15 Whole Grains High in Fiber

Written by Daisy Whitbread, MScN
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15 Whole Grains High in Fiber

Whole grains are rich in nutrients and have high levels of bran, giving them high amounts of fiber.

Bulgur (made from whole wheat) has the most fiber of all grains with 8.2 grams (33% DV) per cup. Other grains high in fiber include kamut, teff, pearl barley, quinoa, whole wheat pasta, buckwheat, oatmeal, whole wheat bread, and brown rice. (1) The current daily value (%DV) for fiber is 25 grams. (2)

Below is a list of 15 grains high in fiber ranked by the amount of fiber per cup cooked. To sort the list by 100 gram or 200 calorie serving sizes, see the nutrient ranking tool list of grains high in fiber.


Grains High in Fiber

Bulgur

#1: Bulgur (Cracked Wheat)

Fiber
per Cup
Fiber
per 100g
Fiber
per 200 Calories
8g
(33% DV)
5g
(18% DV)
11g
(43% DV)
Source: Nutrition Facts for Cooked Bulgur
Kamut

#2: Kamut (Khorasan - Wheat)

Fiber
per Cup
Fiber
per 100g
Fiber
per 200 Calories
7g
(30% DV)
4g
(17% DV)
7g
(26% DV)
Source: Nutrition Facts for Kamut Cooked
Teff

#3: Teff

Fiber
per Cup
Fiber
per 100g
Fiber
per 200 Calories
7g
(28% DV)
3g
(11% DV)
6g
(22% DV)
Source: Nutrition Facts for Cooked Teff
Pearl Barley

#4: Pearl Barley

Fiber
per Cup
Fiber
per 100g
Fiber
per 200 Calories
6g
(24% DV)
4g
(15% DV)
6g
(25% DV)
Source: Nutrition Facts for Cooked Pearled Barley
A bowl of quinoa

#5: Quinoa

Fiber
per Cup
Fiber
per 100g
Fiber
per 200 Calories
5g
(21% DV)
3g
(11% DV)
5g
(19% DV)
Source: Nutrition Facts for Quinoa Cooked
Whole Wheat Spaghetti

#6: Whole Wheat Pasta

Fiber
per Cup
Fiber
per 100g
Fiber
per 200 Calories
5g
(18% DV)
4g
(16% DV)
5g
(21% DV)
Source: Nutrition Facts for Whole Wheat Pasta
Buckwheat

#7: Buckwheat

Fiber
per Cup
Fiber
per 100g
Fiber
per 200 Calories
5g
(18% DV)
3g
(11% DV)
6g
(23% DV)
Source: Nutrition Facts for Roasted Buckwheat Groats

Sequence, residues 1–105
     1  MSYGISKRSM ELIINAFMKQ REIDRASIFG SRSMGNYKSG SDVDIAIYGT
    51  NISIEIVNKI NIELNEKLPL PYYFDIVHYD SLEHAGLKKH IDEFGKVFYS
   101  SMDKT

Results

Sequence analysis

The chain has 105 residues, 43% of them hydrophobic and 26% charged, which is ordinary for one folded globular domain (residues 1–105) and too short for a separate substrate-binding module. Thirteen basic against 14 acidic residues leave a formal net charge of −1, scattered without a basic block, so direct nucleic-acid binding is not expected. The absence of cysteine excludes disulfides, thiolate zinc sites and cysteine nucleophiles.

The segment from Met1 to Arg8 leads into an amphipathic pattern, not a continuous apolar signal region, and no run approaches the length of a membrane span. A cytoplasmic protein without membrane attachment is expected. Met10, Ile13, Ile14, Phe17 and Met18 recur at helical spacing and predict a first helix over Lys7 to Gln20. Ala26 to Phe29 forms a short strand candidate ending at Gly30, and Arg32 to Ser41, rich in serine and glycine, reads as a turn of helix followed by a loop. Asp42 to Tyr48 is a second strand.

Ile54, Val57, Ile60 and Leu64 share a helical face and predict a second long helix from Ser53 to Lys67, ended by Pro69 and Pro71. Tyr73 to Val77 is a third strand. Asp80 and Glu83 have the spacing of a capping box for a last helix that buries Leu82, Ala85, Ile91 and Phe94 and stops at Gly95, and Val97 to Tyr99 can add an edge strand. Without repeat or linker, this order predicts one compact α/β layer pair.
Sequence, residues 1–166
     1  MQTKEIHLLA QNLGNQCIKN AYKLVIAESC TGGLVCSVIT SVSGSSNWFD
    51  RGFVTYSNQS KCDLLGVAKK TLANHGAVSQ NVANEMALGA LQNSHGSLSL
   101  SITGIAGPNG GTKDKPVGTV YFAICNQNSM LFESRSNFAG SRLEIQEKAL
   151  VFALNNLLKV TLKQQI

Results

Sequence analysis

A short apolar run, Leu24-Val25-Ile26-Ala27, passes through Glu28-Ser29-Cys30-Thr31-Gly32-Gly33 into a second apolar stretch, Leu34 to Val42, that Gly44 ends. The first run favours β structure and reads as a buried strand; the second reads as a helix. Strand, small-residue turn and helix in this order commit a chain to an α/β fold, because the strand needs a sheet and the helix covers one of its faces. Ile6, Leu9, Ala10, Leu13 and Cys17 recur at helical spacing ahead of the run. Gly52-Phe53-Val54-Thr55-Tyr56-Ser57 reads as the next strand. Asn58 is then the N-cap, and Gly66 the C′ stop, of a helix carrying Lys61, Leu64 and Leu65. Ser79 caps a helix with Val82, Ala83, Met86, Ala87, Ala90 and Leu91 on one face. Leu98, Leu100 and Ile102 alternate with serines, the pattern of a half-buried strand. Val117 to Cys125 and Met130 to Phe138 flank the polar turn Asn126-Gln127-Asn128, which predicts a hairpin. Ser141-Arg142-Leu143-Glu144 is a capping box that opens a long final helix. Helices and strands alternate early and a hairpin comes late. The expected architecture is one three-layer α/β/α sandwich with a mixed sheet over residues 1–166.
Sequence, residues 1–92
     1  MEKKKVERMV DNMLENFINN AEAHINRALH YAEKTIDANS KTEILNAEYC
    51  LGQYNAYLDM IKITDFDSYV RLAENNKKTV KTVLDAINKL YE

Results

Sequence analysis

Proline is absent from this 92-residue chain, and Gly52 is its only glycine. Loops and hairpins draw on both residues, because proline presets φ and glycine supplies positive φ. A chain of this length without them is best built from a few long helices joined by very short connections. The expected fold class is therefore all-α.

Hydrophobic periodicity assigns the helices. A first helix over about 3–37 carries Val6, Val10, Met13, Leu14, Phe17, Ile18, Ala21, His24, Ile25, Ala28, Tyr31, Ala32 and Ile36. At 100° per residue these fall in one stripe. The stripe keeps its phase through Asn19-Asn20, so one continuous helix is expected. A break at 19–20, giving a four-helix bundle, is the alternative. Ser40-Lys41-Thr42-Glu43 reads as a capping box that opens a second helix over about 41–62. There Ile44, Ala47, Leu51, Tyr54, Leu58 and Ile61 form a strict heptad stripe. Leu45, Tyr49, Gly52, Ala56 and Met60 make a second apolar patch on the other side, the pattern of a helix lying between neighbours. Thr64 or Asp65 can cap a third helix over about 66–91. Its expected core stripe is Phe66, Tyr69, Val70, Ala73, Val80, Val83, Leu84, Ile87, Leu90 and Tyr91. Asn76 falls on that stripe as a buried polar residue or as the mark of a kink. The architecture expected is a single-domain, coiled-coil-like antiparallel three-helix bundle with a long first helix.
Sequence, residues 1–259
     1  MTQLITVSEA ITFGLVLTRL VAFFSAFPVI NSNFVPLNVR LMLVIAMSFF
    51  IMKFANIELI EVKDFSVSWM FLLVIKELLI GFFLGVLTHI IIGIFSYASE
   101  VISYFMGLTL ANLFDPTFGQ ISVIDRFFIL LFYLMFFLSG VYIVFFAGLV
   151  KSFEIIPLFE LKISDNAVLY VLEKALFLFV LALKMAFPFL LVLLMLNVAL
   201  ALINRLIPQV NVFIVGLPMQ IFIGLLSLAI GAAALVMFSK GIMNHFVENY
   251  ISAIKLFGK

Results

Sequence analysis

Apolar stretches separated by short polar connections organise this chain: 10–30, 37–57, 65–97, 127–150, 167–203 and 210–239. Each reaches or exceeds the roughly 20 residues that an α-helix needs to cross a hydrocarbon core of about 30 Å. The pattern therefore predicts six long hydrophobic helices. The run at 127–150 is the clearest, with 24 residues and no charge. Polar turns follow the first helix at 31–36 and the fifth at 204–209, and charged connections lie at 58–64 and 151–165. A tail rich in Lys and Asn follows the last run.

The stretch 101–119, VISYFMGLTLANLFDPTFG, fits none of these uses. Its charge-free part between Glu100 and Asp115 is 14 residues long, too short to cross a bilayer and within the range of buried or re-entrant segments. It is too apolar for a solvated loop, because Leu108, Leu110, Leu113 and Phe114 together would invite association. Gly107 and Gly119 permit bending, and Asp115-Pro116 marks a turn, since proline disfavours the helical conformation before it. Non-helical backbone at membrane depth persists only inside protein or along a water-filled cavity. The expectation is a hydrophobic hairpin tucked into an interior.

A bowl of oatmeal with blueberries

#8: Oatmeal

Fiber
per Cup
Fiber
per 100g
Fiber
per 200 Calories
4g
(16% DV)
2g
(7% DV)
5g
(19% DV)
Source: Nutrition Facts for Cooked Oatmeal
Whole Wheat Bread

#9: Whole Wheat Bread

Fiber
per 2 Slices
Fiber
per 100g
Fiber
per 200 Calories
4g
(15% DV)
6g
(24% DV)
5g
(19% DV)
Source: Nutrition Facts for Whole Wheat Bread
Brown Rice

#10: Brown Rice

Fiber
per Cup
Fiber
per 100g
Fiber
per 200 Calories
4g
(14% DV)
2g
(7% DV)
3g
(13% DV)
Source: Nutrition Facts for Cooked Brown Rice
Wild Rice

#11: Wild Rice

Fiber
per Cup
Fiber
per 100g
Fiber
per 200 Calories
3g
(12% DV)
2g
(7% DV)
4g
(14% DV)
Source: Nutrition Facts for Cooked Wild Rice
Millet

#12: Millet

Fiber
per Cup
Fiber
per 100g
Fiber
per 200 Calories
2g
(9% DV)
1g
(5% DV)
2g
(9% DV)
Source: Nutrition Facts for Cooked Millet
Couscous

#13: Coucous

Fiber
per Cup
Fiber
per 100g
Fiber
per 200 Calories
2g
(9% DV)
1g
(6% DV)
2g
(10% DV)
Source: Nutrition Facts for Cooked Couscous
Cornmeal

#14: Cornmeal (Grits)

Fiber
per Cup
Fiber
per 100g
Fiber
per 200 Calories
2g
(8% DV)
1g
(3% DV)
2g
(9% DV)
Source: Nutrition Facts for White Cornmeal (Grits)
Bran Muffin

#15: Bran

Fiber
per Tablespoon
Fiber
per 100g
Fiber
per 200 Calories
2g
(6% DV)
21g
(84% DV)
13g
(53% DV)
Source: Nutrition Facts for Rice Bran

See All 32 Grains High in Fiber

How much fiber do you need each day?

The percent daily value (%DV) for fiber is 25 grams per day (2) and the adequate intake (AI) for adults is 38 grams per day. (3)

The Percent Daily Value (%DV) is shown on food labels to help the "average" consumer compare foods, while the adequate intake (AI) is meant to give people a more accurate daily target by age and gender. In this case, the daily value for fiber is likely set too low and should be revised higher by the FDA.

Here is the breakout of the adequate intake by age and gender for fiber: (3)

  • 1-3 years old: 19g/day
  • 4-8 years old: 25g/day
  • Boys 9-13 years old: 31g/day
  • Boys 14-18 years old: 38g/day
  • Girls 9-18 years old: 26g/day
  • Men 19-50 years old: 38g/day
  • Men 50+ years old: 30g/day
  • Women 19-50 years old: 25g/day
  • Women 50+ years old: 21g/day
  • Pregnant and Lactating Women: 28-29g/day

Differences in fiber requirements between men and women are established based on estimated energy needs, and data which suggests the amount of fiber for protective health affects against cardiovascular disease. In other words, men should consume more fiber to gain the health benefits.(3)

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Data Sources and References

  1. USDA National Nutrient Database for Standard Reference, Release 28.
  2. U.S. FDA on Dietary Fiber (PDF)
  3. Institute of Medicine Dietary Reference Intakes